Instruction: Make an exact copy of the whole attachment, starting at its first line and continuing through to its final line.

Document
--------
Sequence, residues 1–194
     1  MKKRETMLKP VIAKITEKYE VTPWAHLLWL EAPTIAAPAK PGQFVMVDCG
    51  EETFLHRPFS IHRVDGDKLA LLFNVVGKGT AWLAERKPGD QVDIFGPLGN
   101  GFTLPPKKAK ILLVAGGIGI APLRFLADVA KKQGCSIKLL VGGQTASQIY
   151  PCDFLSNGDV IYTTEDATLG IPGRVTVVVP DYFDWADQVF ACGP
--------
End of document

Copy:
Sequence, residues 1–194
     1  MKKRETMLKP VIAKITEKYE VTPWAHLLWL EAPTIAAPAK PGQFVMVDCG
    51  EETFLHRPFS IHRVDGDKLA LLFNVVGKGT AWLAERKPGD QVDIFGPLGN
   101  GFTLPPKKAK ILLVAGGIGI APLRFLADVA KKQGCSIKLL VGGQTASQIY
   151  PCDFLSNGDV IYTTEDATLG IPGRVTVVVP DYFDWADQVF ACGP